That anvil had some welding done to her already. It's a weird sort of damage, it almost seems like they put a sleeve in the hardy and welded the edge. 

Besides the looks, the hardy is perfectly usable as it is and the rest of the anvil is in very good nick. 

Not sure what to tell you, Surely there is no need for any repair.

It would be only cosmetic and risk softening the area around the hardy if it is not soft already from previous attempts. 

If you can overcome the urge, just let it be. 

That urge is powerful!

I agree that the damage looks like a failed weld more than edge chipping, in how its uniform in appearance.  But i know nothing of its past use, which it saw a lot of, other thant it came from the amarican bridge co.  The shaft of the hardy is perfectly fine

45 minutes ago, RobS said:

The recess around the hardy hole may be a blessing, if you make your own hardy tools.  If you make your own tools by welding a square shaft onto what ever tooling plate, the recess would allow clearance for the weld bead to sit beneath the level of the face.  This would let the hardy tool sit nice and flat on the face of the anvil.

If it were my anvil, I'd leave it be.

I tend to make my hardy tooling by tapering and upsetting for the tool base.  That wont work here as is,   I can make them on the swage block for use on this anvil.  

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9 hours ago, JlBlohm said:

Fisher tops are 3/4 of an inch thick so you shouldnt be welding on any cast iron with that small repair. If i was to repair it which i would do some serious thinking before i did but i would only preheat the hardie area with a torch and be quick to do really short welds and dont focus the welds in one area, kinda jump back and forth from one edge to the other. Try not to get the surrounding area over say...500°f to not effect the heat treat of the face.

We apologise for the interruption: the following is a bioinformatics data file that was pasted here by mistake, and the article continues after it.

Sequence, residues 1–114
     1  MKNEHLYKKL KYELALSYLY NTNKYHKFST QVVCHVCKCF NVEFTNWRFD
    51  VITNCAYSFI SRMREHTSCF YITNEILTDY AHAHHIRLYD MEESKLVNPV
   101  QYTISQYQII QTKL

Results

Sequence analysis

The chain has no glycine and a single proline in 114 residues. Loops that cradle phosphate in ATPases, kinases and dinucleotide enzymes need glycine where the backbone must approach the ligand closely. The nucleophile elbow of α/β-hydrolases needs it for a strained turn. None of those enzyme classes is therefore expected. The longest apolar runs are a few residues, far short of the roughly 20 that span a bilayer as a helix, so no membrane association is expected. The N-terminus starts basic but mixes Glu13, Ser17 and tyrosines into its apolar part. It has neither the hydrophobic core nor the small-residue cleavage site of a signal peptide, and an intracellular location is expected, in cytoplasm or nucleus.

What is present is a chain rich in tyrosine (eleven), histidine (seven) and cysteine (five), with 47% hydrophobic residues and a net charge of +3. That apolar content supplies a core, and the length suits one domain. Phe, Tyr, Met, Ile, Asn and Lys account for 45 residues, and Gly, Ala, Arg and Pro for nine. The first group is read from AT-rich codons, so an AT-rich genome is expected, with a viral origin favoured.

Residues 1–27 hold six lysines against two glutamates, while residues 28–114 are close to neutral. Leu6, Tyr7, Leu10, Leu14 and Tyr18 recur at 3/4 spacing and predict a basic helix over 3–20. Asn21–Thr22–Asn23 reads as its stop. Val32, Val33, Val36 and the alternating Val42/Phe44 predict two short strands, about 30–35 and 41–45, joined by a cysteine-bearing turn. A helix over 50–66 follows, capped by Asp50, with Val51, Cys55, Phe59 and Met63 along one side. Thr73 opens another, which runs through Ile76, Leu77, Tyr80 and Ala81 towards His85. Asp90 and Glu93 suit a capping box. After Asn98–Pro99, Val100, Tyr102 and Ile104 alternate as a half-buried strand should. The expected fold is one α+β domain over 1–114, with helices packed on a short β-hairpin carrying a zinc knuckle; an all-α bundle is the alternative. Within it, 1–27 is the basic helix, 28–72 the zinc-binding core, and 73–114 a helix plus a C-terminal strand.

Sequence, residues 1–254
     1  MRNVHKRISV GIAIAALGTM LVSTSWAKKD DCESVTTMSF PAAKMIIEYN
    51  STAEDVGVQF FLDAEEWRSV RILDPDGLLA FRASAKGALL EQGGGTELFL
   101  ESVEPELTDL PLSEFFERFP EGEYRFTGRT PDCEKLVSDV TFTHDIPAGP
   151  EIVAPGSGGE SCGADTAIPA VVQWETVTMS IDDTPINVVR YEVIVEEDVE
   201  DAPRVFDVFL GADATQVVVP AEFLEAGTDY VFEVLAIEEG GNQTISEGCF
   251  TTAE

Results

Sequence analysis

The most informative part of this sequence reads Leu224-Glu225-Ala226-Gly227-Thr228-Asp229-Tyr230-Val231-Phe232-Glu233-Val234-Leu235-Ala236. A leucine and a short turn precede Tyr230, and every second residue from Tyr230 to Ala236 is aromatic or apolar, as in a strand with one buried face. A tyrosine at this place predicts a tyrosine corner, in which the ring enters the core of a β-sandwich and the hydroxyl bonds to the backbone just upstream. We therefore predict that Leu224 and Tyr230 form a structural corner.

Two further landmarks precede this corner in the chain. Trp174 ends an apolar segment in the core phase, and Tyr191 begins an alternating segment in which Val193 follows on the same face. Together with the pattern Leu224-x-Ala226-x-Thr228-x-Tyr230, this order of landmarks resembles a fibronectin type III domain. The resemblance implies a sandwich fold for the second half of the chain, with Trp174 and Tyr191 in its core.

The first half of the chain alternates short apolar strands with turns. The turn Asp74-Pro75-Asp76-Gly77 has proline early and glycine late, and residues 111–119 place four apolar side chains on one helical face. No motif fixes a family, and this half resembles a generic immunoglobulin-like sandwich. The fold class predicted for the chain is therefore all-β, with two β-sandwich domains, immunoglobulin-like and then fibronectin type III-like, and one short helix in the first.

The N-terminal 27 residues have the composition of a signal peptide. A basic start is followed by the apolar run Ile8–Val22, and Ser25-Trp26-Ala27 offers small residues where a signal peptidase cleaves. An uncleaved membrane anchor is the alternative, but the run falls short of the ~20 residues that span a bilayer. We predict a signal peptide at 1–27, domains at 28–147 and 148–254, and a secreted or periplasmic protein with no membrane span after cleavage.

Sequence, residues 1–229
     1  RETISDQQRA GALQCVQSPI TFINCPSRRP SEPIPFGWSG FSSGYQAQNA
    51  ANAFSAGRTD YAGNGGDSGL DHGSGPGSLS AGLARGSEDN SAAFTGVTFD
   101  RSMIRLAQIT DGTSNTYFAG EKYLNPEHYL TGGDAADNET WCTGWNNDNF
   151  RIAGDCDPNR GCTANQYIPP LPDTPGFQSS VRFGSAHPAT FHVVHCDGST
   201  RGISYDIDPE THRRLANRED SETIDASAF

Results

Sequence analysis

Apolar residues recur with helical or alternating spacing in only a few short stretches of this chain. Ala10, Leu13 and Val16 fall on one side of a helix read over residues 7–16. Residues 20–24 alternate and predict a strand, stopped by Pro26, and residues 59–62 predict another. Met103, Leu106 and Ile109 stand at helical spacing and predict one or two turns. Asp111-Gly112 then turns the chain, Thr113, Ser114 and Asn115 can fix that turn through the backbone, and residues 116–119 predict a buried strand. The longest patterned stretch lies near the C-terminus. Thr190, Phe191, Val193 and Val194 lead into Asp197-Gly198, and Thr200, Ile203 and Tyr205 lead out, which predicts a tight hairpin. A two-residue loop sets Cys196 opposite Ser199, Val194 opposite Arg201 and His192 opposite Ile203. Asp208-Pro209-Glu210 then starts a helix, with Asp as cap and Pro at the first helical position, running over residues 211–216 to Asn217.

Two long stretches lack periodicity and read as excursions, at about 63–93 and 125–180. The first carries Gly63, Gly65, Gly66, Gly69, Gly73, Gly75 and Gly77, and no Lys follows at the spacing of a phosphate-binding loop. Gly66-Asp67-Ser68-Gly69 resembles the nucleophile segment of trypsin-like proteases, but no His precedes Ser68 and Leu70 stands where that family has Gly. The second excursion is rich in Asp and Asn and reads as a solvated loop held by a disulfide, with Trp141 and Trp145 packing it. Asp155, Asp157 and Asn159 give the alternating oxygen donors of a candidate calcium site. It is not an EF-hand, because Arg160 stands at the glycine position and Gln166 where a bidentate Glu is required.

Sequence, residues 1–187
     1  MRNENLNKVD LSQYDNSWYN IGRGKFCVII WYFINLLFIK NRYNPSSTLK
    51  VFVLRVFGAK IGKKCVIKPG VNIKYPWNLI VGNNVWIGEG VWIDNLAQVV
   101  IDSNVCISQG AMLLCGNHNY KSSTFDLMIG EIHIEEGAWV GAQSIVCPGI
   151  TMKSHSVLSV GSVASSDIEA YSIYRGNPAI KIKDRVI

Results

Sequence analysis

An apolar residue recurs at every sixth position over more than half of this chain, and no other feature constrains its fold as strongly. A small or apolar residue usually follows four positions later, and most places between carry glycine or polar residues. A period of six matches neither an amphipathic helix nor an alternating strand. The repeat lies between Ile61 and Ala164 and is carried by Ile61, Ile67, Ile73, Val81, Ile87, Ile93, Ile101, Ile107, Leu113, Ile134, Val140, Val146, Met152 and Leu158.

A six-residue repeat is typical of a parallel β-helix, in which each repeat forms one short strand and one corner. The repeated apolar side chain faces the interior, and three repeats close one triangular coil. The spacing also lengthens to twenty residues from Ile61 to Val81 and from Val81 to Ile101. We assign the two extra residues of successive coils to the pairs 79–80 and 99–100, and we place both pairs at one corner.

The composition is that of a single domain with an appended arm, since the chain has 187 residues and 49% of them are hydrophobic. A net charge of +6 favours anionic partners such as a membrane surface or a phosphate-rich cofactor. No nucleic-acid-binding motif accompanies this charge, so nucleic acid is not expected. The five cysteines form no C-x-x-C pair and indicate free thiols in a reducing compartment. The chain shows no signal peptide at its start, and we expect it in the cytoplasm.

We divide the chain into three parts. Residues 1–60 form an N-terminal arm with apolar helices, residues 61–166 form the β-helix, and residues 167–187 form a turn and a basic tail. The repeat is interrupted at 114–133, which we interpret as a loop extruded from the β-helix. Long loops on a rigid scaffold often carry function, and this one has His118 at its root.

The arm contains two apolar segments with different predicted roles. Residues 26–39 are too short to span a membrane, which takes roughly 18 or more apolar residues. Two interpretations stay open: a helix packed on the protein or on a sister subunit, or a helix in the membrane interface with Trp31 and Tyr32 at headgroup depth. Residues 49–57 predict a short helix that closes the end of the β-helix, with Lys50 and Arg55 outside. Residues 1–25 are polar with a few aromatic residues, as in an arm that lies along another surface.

Im not too sure about that 3/4”. I can see how it looks that way from the side. But the failed fishers ive seen were closer to 1/4”.   their 1887 patent drawings show this thickened edge and thinner face.   And yes i would plan on jumping the welds a bit.

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I havent gotten that far in AIA (my library got it on loan from another library for me) but i skimmed through the book and i found the fisher pattent and i see the thin middle and thicker edges. Im sure the thicker edges helped with the major chipping the vulcans had.

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Thanks for your thoughts guys..  

ive cleaned it up and lightly flattened the high parts on the top.  Im still pondering on the hardy. And still need to slightly dress the edges 

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I'd leave it alone.  If you have another anvil with a perfect hardy, use that for your hardy needs and keep this one for when you need a monster to do that kind of metal moving.  It's be a shame if you messed up the hard face especially a face that nice.  Like others have said, that hardy is perfectly usable as is.  My hardy works fine and it's not got perfectly square top at the face level.  To me it's the square shape below the face that really has the holding power.  If it's just fixing it for looks, I wouldn't risk it.  It does look like someone welded a fix there before